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J. Clin. Med. 2018, 7(9), 270; https://doi.org/10.3390/jcm7090270

Body Fatness and Cardiovascular Health in Newborn Infants

1
Boden Institute of Obesity, Charles Perkins Centre, University of Sydney, Sydney, NSW 2006, Australia
2
Faculty of Medicine and Health, Charles Perkins Centre, The University of Sydney, Sydney, NSW 2006, Australia
3
Royal Prince Alfred Hospital, Missenden Road, Camperdown, NSW 2050, Australia
4
Sydney School of Public Health, The University of Sydney, Sydney, NSW 2006, Australia
5
School of Medical Sciences & Bosch Institute, The University of Sydney, Sydney, NSW 2006, Australia
These authors contributed equally to this work.
*
Author to whom correspondence should be addressed.
Received: 16 August 2018 / Revised: 4 September 2018 / Accepted: 8 September 2018 / Published: 11 September 2018
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Abstract

Birth weight is associated with cardiovascular disease, with those at both ends of the spectrum at increased risk. However, birth weight is a crude surrogate of fetal growth. Measures of body composition may more accurately identify high risk infants. We aimed to determine whether aortic wall thickening, cardiac autonomic control, and cardiac structure/function differ in newborns with high or low body fatness compared to those with average body fatness. 189 healthy singleton term born neonates were recruited and stratified by body fat percentiles (sex and gestation-specific). Infants with low body fat had higher aortic intima-media thickness (43 µm (95% confidence interval (CI) 7, 78), p = 0.02), lower heart rate variability (log total power, −0.5 (95% CI −0.8, −0.1), p = 0.008), and thicker ventricular walls (posterior wall thickness, 3.1 mm (95% CI 1.6, 4.6), p < 0.001) compared to infants with average body fatness. Infants with high body fat showed no differences in aortic intima-media thickness (−2 µm (95% CI −37, 33), p = 0.91) or cardiac structure compared to average body fatness, although stroke volume (−0.3 mL/kg (95% CI −0.6, −0.0), p = 0.003) and heart rate variability were lower (log total power, −0.8 (95% CI −1.1, −0.5), p < 0.001). The non-linear association of body fatness with heart rate variability was independent of birth weight. Infants born with low or high body fat have altered markers of cardiovascular health. Assessment of body fatness alongside birth weight may assist in identifying high risk individuals. View Full-Text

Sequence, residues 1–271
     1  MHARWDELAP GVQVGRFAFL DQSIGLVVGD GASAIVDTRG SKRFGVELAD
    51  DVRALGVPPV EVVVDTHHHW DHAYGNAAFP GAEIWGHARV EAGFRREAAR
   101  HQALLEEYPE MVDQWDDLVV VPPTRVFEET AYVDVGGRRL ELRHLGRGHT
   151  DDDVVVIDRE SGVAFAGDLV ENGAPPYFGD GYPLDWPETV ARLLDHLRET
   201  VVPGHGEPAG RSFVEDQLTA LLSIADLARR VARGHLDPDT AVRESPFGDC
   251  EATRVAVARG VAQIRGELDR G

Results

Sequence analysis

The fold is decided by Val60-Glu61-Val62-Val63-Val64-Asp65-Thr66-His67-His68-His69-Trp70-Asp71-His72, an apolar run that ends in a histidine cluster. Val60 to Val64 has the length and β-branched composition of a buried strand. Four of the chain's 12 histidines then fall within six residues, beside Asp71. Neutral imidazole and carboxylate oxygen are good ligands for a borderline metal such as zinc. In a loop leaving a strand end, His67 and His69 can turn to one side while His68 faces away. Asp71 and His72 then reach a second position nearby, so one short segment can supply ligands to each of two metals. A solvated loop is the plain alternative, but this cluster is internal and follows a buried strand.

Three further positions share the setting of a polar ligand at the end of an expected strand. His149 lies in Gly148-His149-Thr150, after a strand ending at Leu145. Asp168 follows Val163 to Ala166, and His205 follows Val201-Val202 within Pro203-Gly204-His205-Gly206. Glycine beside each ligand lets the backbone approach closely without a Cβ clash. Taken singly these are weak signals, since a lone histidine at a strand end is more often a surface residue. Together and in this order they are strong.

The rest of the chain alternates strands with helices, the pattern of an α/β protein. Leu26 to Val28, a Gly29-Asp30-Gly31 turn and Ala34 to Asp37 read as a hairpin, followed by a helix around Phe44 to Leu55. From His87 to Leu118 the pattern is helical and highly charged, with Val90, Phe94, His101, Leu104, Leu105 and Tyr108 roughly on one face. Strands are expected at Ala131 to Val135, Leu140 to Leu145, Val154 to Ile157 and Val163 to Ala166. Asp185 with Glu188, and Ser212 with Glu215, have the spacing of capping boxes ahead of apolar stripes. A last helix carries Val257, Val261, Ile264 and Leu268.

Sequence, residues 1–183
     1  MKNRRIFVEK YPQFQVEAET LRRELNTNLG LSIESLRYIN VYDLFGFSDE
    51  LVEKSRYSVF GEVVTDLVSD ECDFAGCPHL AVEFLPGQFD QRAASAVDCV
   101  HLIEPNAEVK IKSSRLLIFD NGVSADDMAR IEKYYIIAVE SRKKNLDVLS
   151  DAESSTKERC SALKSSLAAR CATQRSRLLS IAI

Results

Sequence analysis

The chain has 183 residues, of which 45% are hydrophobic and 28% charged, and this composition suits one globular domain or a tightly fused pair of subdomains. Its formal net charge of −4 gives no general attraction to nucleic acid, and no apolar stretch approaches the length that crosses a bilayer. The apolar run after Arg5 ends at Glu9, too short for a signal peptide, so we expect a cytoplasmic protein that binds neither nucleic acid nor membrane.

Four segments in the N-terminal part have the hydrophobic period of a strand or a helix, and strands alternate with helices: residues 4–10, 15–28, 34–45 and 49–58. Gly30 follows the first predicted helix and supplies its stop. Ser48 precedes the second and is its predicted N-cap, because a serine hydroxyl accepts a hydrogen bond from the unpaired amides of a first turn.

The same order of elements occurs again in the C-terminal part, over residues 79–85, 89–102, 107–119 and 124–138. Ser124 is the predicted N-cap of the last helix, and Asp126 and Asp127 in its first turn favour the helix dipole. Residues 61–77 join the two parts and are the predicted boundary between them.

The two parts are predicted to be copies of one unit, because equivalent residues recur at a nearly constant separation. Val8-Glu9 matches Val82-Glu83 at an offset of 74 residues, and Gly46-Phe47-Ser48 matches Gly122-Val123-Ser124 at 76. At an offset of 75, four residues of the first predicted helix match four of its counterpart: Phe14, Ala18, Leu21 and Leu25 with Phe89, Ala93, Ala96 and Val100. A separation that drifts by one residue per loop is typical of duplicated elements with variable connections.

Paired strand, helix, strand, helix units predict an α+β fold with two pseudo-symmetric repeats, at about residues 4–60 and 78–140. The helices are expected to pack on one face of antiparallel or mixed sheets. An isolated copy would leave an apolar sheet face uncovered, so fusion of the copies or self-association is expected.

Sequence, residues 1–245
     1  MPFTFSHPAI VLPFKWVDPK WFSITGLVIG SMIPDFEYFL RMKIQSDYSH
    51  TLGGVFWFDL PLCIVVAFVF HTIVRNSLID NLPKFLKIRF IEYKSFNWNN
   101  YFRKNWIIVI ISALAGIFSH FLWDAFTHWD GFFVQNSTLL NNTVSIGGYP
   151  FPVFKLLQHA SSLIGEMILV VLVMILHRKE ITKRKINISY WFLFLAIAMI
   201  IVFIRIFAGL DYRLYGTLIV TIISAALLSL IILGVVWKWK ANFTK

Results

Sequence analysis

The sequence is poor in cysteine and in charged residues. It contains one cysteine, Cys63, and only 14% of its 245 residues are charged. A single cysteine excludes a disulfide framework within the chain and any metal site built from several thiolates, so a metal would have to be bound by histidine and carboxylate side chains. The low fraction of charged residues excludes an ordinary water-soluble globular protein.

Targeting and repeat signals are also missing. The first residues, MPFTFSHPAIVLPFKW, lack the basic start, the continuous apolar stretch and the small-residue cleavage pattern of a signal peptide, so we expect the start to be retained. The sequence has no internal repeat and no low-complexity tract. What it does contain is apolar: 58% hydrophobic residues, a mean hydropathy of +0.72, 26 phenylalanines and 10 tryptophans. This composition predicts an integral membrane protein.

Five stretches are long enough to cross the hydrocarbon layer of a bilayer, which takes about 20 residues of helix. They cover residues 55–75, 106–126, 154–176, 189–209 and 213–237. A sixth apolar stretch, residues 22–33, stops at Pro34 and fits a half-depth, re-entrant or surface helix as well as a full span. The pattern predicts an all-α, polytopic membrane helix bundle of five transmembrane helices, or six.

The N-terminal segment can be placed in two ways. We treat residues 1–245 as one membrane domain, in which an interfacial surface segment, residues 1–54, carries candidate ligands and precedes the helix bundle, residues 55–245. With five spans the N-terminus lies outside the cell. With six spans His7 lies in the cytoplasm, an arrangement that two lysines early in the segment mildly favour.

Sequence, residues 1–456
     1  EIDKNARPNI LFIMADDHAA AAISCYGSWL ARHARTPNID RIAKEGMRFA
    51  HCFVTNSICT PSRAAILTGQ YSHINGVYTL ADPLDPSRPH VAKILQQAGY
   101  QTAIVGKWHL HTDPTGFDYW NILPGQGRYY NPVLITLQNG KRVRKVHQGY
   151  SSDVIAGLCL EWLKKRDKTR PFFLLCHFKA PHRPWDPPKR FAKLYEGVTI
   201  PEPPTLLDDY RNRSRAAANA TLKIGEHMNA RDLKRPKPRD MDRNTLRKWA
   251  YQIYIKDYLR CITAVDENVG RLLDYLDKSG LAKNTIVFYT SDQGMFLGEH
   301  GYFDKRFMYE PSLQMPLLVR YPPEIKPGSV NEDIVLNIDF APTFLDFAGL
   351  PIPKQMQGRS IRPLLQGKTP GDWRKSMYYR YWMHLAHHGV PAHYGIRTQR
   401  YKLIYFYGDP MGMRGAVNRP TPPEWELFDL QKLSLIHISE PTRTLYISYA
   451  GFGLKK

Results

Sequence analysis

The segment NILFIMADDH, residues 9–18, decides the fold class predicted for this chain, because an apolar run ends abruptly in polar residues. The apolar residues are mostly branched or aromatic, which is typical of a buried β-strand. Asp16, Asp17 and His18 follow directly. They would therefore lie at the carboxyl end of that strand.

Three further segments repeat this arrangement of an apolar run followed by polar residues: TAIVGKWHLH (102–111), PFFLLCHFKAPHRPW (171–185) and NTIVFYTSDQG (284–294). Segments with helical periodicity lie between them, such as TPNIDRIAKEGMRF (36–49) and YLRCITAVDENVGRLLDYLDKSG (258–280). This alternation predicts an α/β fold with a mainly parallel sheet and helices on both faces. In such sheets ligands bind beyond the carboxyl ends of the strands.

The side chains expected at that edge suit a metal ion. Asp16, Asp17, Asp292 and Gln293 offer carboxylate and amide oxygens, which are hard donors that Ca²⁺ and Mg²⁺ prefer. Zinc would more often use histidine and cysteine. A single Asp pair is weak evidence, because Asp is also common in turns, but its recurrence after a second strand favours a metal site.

Keywords: newborn body fatness; cardiovascular disease; aortic intima-media thickness; autonomic function; cardiac structure; cardiac function newborn body fatness; cardiovascular disease; aortic intima-media thickness; autonomic function; cardiac structure; cardiac function
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Dissanayake, H.U.; McMullan, R.L.; Kong, Y.; Caterson, I.D.; Celermajer, D.S.; Phang, M.; Raynes-Greenow, C.; Polson, J.W.; Gordon, A.; Skilton, M.R. Body Fatness and Cardiovascular Health in Newborn Infants. J. Clin. Med. 2018, 7, 270.

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